This year C-SPAN is running a series called The American Presidents. The network dedicates a few hours of programming each week to describing the life and times of one of our nation's 41 chief executives, starting with George Washington last March and ending with Bill Clinton on Christmas Eve. Again, the approach is breathtakingly simple. C-SPAN sends two camera crews out to the president's home or some significant site associated with his life. The Washington segment was filmed at Mount Vernon. A William Henry Harrison segment was filmed at the battlefield at Tippecanoe in Indiana, where Harrison fought the Indians in 1811. There is a park ranger or local historian to give a tour of the site, usually with a few of those homey anecdotes that are the weakness of historic-home tour guides. There is a short documentary that describes the basic course of each president's life. That is often followed by an interview with a descendant of the president in question (George Cleveland played his grandfather Grover). With the more recent presidents, there is footage from important moments of their presidencies. Franklin Roosevelt's first inaugural address was broadcast during the week dedicated to his presidency. Finally a few historians are brought in to answer questions from the C-SPAN host and the C-SPAN callers. The callers are often self-taught history buffs -- someone will call in with a freakishly expert understanding of, say, the election of 1852 -- or else people with a personal connection to the president in question.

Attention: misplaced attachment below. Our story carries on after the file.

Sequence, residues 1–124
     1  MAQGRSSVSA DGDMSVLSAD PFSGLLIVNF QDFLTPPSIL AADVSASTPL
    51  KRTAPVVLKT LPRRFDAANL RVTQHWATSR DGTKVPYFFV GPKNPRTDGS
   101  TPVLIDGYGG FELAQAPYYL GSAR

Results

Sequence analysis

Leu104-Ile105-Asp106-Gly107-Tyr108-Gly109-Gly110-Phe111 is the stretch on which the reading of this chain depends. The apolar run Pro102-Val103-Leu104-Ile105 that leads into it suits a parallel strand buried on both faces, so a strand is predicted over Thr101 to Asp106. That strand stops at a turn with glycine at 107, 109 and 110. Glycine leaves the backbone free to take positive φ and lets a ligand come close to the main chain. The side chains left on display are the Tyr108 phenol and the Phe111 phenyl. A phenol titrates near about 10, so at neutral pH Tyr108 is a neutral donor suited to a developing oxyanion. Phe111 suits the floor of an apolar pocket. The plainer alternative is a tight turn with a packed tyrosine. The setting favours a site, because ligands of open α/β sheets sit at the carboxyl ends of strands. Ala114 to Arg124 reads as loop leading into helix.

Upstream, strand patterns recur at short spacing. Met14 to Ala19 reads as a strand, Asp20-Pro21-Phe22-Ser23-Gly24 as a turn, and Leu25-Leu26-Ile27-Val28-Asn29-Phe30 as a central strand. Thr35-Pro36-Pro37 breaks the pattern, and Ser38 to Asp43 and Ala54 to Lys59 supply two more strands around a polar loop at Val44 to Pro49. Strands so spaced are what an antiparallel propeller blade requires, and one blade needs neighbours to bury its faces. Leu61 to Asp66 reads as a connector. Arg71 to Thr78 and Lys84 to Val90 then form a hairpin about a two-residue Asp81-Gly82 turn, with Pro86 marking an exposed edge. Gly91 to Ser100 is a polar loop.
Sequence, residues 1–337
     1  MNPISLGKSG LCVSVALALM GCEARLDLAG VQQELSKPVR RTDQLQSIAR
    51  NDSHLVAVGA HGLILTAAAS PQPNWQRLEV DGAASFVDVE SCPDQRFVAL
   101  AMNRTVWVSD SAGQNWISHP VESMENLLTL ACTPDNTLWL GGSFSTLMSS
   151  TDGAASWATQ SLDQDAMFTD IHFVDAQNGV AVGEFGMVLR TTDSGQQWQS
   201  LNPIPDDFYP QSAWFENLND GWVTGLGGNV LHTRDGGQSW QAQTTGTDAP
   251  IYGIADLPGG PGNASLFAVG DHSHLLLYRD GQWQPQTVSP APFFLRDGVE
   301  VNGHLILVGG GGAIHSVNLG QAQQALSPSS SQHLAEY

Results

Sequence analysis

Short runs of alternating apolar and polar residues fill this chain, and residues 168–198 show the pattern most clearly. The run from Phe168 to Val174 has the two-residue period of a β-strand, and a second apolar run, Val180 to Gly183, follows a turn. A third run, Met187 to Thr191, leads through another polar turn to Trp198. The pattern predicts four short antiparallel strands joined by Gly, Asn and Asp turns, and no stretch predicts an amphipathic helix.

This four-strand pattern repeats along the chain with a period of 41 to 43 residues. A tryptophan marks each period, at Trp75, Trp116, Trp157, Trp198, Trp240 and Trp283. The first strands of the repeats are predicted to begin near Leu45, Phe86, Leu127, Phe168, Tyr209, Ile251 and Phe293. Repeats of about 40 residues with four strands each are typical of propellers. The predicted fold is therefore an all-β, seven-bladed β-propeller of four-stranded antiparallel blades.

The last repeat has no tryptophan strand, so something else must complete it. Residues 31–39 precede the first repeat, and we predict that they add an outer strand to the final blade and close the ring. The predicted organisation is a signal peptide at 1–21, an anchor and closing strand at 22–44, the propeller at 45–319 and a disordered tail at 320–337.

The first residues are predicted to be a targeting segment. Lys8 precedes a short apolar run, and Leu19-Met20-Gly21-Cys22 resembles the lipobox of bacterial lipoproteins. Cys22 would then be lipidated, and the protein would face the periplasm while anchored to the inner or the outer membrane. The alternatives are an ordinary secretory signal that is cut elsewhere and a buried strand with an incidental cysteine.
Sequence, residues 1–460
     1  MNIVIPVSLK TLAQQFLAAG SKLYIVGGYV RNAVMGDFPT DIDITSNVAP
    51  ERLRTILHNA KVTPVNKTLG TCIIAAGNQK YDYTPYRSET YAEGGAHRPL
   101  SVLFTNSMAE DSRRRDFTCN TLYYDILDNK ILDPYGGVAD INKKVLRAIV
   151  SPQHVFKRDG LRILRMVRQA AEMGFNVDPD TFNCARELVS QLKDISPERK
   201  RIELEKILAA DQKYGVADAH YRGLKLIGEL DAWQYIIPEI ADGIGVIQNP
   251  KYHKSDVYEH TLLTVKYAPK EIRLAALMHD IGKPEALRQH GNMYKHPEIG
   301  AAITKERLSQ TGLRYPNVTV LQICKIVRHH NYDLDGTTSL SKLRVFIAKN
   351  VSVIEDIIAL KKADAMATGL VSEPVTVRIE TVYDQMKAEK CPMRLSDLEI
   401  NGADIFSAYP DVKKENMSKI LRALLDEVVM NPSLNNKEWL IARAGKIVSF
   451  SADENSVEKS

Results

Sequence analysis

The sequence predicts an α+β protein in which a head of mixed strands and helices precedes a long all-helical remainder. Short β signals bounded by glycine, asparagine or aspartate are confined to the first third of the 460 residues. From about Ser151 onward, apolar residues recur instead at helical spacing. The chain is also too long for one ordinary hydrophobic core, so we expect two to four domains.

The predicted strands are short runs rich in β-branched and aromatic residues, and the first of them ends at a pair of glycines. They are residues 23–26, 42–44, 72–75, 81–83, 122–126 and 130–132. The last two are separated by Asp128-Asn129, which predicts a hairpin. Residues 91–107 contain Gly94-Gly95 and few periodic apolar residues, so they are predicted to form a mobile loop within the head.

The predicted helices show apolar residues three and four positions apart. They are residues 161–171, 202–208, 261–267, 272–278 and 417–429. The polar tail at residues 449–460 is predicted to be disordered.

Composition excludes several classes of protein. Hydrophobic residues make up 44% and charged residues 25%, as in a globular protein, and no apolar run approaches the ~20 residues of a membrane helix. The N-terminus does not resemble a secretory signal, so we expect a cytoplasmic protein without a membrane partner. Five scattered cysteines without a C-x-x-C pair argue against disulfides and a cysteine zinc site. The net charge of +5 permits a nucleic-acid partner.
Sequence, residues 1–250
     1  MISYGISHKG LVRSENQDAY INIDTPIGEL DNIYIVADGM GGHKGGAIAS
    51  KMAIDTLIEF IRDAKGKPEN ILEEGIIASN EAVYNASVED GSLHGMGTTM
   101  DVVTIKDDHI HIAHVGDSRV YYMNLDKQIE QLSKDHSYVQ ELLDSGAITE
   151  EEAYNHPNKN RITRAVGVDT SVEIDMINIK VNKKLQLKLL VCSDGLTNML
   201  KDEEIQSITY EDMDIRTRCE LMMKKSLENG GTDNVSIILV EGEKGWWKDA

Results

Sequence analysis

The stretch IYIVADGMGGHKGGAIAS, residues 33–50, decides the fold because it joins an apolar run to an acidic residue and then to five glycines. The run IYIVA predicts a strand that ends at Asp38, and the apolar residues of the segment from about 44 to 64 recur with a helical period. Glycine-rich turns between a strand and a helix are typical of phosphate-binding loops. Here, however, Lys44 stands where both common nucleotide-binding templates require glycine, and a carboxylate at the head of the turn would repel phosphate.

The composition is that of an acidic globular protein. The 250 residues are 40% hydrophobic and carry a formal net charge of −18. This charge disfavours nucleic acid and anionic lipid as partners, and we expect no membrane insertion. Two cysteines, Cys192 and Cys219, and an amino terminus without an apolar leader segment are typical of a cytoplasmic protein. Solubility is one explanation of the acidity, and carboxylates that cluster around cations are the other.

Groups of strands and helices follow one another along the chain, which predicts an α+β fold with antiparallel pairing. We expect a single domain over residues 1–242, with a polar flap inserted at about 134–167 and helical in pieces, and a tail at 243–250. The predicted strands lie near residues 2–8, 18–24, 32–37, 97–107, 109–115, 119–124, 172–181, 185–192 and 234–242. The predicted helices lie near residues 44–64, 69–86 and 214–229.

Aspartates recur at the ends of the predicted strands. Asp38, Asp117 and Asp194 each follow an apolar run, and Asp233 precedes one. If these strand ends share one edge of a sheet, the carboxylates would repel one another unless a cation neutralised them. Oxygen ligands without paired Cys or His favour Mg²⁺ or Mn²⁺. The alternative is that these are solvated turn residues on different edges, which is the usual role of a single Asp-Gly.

The programs on the obscure presidents tend to be better than the programs on the famous ones, simply because there is so much new to be learned about the Benjamin Harrisons of the world. The program on Zachary Taylor, for example, provided the usual nuggets. Far from being a child of poverty, as much of the literature about Taylor suggests, he was actually descended from Mayflower stock and had the same great-grandfather as James Madison. His predecessor, James Polk, gave up the presidency on a Saturday, but Taylor refused to take an oath on a Sunday, so there was a day in 1849 when America had no president. Taylor believed the president had the right to veto only bills he thought were unconstitutional, so great was the presumption of legislative branch superiority in his day. Taylor's daughter married Jefferson Davis. Though Taylor and Davis disagreed furiously about secession, the two men remained close friends even after her death. Taylor fought in the frustrating wars against the Seminoles in Georgia and Alabama. At one point he told the Seminoles that if they surrendered and left disputed territories, they could keep the black slaves who had escaped white slavemasters and fled to their camp. Either you find such bits of data interesting or you do not.